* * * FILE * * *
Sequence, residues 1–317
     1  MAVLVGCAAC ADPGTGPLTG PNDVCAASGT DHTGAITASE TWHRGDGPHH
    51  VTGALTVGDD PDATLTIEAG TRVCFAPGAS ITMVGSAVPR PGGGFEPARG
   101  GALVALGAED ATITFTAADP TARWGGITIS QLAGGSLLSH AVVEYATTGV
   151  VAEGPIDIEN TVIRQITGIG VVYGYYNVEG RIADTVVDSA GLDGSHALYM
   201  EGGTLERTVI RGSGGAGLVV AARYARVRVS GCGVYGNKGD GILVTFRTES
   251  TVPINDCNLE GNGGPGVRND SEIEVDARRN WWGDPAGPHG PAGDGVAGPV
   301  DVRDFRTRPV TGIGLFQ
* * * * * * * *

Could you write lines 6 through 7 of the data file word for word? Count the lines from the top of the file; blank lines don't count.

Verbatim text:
   201  EGGTLERTVI RGSGGAGLVV AARYARVRVS GCGVYGNKGD GILVTFRTES
   251  TVPINDCNLE GNGGPGVRND SEIEVDARRN WWGDPAGPHG PAGDGVAGPV